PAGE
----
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Background

I know the difference between su -, sudo su -, and sudo <command>:

  • su - - switches user to root, requires the root password
  • sudo su - - switches user to root, requires only the current user's password
  • sudo <command> - grants root access only for a specific command; requires only the current user's password

My question is about whether or not using sudo su - is a safe practice in a production environment.

Some thoughts:

  1. It seems like allowing sudo su - poses a security risk by making access to the root account dependent upon individual user passwords. Of course, this might be mitigated by enforcing a strict password policy. I don't think su - is any better since it would require the administrator to share the actual root password.

  2. Allowing users to completely switch to the root account makes it more difficult to keep track of who makes changes to the system. I've seen cases at my day job where multiple users are given sudo su - access. The first thing the users do when logging into the system is run sudo su -, before beginning work. Then, one day something breaks, and there is no traceability to who ran rm -rf * in the wrong directory.

Questions

Given the above concerns, is it ever a good idea to allow users to use sudo su - or even su - at all?

Are there any reasons an administrator would configure user accounts for sudo su - or su - instead of sudo <command> (aside from laziness)?

Note: I am ignoring the case where the user running sudo su - or su - is the Administrator needing to make system changes, when direct ssh access has been disabled for the root user.

  • 4
    sudo su - is rather silly since sudo -i does essentially the same thing, with fewer keystrokes. – Michael Hampton Aug 8 '14 at 23:42
  • I agree with @MichaelHampton. However, I usually run sudo bash simply to avoid some of the login overhead. However, upon reflection, that may not avoid as much as I imagine. – ericx Aug 9 '14 at 0:02
  • 2
    @ericx Consider also sudo -s. – Michael Hampton Aug 9 '14 at 1:42
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Let's look your cases:

 su -

will run a /bin/sh as the root user using the root environment. The root password is needed and logging MAY be logged depending on syslog settings (usually is by default to /var/log/auth.log).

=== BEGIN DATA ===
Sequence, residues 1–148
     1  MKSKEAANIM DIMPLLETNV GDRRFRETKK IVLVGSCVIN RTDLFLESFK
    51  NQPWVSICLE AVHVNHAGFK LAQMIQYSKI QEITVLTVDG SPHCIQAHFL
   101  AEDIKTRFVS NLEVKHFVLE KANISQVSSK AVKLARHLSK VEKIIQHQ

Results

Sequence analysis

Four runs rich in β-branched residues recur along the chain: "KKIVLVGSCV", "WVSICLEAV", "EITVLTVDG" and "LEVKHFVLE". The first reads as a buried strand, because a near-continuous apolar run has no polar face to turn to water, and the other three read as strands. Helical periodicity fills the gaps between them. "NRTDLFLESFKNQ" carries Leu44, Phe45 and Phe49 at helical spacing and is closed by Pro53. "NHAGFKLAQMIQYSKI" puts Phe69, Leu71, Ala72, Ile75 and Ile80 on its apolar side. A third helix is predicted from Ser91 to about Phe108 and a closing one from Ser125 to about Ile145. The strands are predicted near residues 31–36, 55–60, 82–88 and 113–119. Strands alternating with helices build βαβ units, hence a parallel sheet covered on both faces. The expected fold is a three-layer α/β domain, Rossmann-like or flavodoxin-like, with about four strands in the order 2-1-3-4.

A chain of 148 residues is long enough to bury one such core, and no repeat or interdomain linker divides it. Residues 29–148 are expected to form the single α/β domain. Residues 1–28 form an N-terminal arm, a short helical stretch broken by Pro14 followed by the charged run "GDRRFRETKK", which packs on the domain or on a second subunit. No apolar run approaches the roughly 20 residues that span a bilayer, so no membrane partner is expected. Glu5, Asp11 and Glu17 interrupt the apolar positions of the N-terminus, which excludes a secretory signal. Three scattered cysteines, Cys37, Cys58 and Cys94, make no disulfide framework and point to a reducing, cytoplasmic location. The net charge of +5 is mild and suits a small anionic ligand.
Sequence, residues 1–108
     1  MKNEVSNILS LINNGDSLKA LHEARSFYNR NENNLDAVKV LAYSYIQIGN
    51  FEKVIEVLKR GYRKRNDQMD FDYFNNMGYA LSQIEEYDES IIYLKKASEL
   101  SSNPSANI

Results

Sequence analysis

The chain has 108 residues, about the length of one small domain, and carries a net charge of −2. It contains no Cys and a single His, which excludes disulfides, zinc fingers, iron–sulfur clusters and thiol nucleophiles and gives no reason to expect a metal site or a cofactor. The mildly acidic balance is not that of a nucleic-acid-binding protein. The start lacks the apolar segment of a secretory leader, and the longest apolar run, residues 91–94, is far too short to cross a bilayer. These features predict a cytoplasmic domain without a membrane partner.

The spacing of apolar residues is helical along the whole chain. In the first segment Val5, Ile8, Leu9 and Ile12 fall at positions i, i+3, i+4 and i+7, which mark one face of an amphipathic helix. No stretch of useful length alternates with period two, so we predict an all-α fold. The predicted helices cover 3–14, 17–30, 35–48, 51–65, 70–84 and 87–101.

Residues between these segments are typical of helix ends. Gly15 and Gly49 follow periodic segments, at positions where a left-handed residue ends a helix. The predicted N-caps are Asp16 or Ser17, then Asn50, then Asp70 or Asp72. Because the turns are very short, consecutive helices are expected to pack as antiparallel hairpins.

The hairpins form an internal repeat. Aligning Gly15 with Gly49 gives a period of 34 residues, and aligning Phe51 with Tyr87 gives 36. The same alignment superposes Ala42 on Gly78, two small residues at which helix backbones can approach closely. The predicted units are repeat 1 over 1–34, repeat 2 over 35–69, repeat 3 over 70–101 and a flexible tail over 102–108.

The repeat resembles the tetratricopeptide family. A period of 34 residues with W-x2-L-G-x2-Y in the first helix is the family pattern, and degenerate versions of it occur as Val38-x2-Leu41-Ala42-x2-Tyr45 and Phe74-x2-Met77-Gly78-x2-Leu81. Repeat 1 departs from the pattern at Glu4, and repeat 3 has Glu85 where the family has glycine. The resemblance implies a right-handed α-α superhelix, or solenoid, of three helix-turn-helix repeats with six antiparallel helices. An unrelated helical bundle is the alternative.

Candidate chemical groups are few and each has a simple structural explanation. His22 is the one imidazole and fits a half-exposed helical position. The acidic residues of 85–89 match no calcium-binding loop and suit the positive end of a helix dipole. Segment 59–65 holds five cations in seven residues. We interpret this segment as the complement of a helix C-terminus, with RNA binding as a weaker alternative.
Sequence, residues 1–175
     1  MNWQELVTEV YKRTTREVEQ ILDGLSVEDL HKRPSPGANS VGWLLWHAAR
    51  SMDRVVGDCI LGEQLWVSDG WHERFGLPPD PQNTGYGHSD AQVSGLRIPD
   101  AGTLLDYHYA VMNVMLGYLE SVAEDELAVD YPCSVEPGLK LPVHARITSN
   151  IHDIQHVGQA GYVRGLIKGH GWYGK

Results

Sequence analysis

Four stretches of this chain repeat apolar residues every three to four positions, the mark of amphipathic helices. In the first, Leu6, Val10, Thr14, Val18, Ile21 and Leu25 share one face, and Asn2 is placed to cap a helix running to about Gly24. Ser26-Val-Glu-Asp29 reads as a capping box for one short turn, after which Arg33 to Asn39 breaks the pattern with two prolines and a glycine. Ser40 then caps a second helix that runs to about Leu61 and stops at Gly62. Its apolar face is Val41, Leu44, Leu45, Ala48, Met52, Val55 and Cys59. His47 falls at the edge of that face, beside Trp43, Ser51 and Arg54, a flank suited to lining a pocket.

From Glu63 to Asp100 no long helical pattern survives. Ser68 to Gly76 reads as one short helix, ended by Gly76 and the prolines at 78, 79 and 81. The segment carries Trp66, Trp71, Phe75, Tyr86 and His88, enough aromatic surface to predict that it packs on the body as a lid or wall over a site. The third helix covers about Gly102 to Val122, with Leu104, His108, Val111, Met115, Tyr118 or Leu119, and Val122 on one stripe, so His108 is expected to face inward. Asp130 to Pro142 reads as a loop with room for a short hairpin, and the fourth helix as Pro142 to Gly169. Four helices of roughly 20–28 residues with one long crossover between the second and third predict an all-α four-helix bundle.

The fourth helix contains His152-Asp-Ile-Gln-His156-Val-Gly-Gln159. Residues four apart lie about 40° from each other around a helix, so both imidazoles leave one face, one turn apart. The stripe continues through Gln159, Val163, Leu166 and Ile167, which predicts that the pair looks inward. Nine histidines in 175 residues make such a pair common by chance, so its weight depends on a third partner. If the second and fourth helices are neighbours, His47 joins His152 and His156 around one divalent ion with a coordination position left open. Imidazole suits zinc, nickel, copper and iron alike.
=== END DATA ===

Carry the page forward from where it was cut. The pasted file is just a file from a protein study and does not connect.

sudo /bin/sh

will run shell as the root user using the current set of environment variables (with some exceptions as would be defined in the sudoers file). The password is the source user password and NOT the root user password. sudo is usually logged.

 sudo su -

will run a shell (usually /bin/sh) as the root user setting up the environment as the root user. This will require the password of the source user and this will generally be logged.

Sometimes it is necessary to have the root environment over your own environment, thus su - is an appropriate method. Remember sudo will still log the use of the shell command in either case.

  • I completely missed the difference in environments between sudo and su. Thank you! – Kingand Aug 11 '14 at 14:12
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*Given the above concerns, is it ever a good idea to allow users to use sudo su *

No, not in my opinion. It has no practical advantage over allowing them to su except they don't need the root password to do it.

or su - at all?

Since I always disable root logon, su is necessary and on balance, makes the server more secure.

  • 2
    Not requiring everyone to actively share the root password has important security cultural advantages that should not be overlooked. – Falcon Momot Aug 9 '14 at 16:32
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The OP seems to provide plenty of good reasons to not allow/encourage general uses to run sudo bash or sudo su - since that switches them to an all-powerful mode the internals of which are generally not logged. And they might forget they are in that mode and do something ... regrettable.

Ergo, it seems more secure to have most users restricted to running sudo on/a/particular/command/ or list of commands. That way every sudo command is logged.

Will you encounter exceptions in practice? Sure. Is the reaction to such exceptions to revert to the lazy practice of un-restricted sudo su --probably not.

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